Beneath the Clouds: After rejecting her Aboriginal mother in search for her Irish father, Lena meets up with petty criminal, Vaughn, who has just escaped an isolation prison camp to try and try and unite with his sick mother. Following their meeting, the two hardened young souls escape from their worlds and hitchhike together towards Sydney in a struggle for purpose, identity, and love.
The Tall Man: Death and Life on Palm Island by Chloe Hooper: The Tall Man tells a true story that took place on Palm Island, the tropical paradise where one morning Cameron Doomadgee swore at a policeman and forty minutes later lay dead in a watch-house cell.
Am I Black Enough For You? By Anita Heiss: Am I Black Enough For You follows the story of an urban-based high achieving Aboriginal woman working to break down stereotypes and build bridges between black and white Australia.
Carpentaria by Alexis Wright: Carpentaria centres around the northern coastal town of Desperance as four groups, the Phantom Family, the East End mob, uptown officials and the neighbouring mining company, battle over the town’s native land rights.
The Fethafoot Chronicles By Pemulwuy Weeatunga: Written through a collection of ten books, The Fethafoot Chronicles follows the historical journey of the Fethafoot Clan (half-man, half-spirit warriors) as they share epic stories of their adventures travelling through time and land.
Thelma Plum: Hailing from the small town of Delungra, New South Wales, Thelma Plum is a Gamilaraay singer-songwriter best known for her hypnotic folk tunes and powerful lyrics. In 2012, Thelma became the winner of the Triple J‘s National Indigenous Music Awards and was later ranked the highest Aboriginal artist ever in the Triple J Hottest 100 in 2020.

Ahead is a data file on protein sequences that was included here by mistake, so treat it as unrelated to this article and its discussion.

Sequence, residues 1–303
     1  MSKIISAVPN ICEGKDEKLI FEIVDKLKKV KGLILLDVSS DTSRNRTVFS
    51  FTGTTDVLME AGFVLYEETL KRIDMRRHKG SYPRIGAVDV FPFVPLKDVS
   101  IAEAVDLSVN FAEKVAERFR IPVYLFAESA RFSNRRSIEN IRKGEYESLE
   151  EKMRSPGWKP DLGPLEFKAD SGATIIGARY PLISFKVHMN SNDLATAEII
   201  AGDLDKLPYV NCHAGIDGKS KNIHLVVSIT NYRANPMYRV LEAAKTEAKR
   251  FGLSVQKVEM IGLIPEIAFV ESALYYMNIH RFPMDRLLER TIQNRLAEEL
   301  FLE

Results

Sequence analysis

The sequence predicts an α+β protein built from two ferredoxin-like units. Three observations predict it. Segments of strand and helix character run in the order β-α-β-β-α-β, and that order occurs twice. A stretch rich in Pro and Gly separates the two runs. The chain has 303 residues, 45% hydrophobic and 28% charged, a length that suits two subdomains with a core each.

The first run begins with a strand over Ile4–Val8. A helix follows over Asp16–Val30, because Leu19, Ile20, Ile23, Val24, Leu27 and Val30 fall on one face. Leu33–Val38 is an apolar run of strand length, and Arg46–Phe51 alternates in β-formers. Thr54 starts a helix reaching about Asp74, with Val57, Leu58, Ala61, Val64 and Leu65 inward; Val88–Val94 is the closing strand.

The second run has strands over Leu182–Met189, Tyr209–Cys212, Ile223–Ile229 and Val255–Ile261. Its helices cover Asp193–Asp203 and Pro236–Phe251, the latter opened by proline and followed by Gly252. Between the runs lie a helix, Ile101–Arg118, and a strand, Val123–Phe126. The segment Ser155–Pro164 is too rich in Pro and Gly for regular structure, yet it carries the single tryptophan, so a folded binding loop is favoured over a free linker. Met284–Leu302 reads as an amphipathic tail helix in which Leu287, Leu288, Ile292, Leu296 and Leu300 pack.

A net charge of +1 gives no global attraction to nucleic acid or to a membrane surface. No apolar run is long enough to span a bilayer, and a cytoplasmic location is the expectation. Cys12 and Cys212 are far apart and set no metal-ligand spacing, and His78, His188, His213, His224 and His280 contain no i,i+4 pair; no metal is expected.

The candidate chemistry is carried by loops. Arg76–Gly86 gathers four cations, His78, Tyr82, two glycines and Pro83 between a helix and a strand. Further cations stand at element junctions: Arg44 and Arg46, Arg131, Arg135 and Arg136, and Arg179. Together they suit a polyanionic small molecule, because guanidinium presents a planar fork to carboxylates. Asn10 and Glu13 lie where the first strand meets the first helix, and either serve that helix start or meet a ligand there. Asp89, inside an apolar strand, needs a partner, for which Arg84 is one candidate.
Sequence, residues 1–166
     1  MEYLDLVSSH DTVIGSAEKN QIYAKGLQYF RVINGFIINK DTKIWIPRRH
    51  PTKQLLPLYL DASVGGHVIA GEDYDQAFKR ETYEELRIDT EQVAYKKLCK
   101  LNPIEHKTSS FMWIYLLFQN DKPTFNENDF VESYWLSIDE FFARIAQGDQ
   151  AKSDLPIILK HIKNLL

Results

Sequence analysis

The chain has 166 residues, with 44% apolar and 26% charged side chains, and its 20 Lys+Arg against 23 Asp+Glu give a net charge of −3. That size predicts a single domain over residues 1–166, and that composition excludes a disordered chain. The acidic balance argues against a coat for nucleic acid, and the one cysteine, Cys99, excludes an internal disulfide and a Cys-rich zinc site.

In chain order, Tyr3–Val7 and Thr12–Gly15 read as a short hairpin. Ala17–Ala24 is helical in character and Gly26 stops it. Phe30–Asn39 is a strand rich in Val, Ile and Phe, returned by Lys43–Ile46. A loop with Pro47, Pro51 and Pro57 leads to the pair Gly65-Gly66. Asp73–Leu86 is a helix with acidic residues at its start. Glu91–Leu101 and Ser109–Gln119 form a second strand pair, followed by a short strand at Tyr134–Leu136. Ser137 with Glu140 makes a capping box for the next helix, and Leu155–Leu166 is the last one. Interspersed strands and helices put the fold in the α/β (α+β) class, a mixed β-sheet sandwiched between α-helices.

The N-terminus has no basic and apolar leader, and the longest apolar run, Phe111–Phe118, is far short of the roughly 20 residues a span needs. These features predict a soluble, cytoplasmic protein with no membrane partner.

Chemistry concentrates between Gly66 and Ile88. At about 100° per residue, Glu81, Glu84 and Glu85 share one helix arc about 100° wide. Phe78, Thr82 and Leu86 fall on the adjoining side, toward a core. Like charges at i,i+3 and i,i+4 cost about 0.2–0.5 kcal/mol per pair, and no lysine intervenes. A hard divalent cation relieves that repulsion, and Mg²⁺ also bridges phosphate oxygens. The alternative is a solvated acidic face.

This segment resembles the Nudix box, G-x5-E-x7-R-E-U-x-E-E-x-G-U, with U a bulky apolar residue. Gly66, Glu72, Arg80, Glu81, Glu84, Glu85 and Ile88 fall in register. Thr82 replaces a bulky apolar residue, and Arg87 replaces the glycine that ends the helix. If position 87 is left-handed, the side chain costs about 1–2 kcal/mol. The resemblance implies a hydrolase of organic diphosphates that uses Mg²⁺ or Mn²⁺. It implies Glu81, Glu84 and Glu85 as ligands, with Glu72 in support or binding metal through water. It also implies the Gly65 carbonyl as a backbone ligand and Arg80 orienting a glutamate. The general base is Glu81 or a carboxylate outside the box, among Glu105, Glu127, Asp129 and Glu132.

Adam Briggs: Adam Briggs is an Australian rapper, hip hop artist and actor. He is an Indigenous Australian of the Yorta Yorta people and is best known for his solo rap career before co-founding the hip hop duo A.B. Original in 2016.
Emily Wurramara:Aria Nominated Artist Emily Wurramara is a singer-songwriter from Groote Eylandt. She is best known for her mesmerising vocals and ability to sing in her traditional native language, Anindilyakwa. She is a three times Queensland Music Award Winner and was recently awarded Best Blues and Roots Album of the Year at the 2019 AIR Award for her debut album, “Milyakburra”.
Lonely Boys: Originating from the remote Arnhemland community of Ngukurr in Darwin, Lonely Boys are a six-piece guitar inspired rock band who has been playing in the community for over ten years. In 2006, Lonely Boys won the Barunga Battle of the bands competition and later became the headlining band for the same festival in 2016.
Pretty for an Aboriginal: Hosted by Nakkiah Lui and Miranda Tapsell, Pretty for an Aboriginal is a podcast series that talks about the unique challenges faced by First Nations women in contemporary Australia. The podcast aims to rock traditional perceptions of Aboriginal Australia and challenge rigid mindsets of what women of colour can and cannot do.
Living Black: Widely considered as Australia’s premier Aboriginal and Torres Strait Islander current affairs program, Living Black provides timely, intelligent, and comprehensive news coverage of issues affecting Aboriginal and Torres Strait Islanders in Australia today.
Tiddas 4 Tiddas: Hosted by Tiddas founder Marlee Silva, Tiddas 4 Tiddas is a podcast series aimed at raising awareness and inspiring Aboriginal and Torres Strait Islander excellence in the hopes of achieving reconciliation. The podcast delves into prevalent Aboriginal and Torres Strait Islander issues and invites guests of all backgrounds to engage in diverse conversations about empowerment, representation, identity, and culture.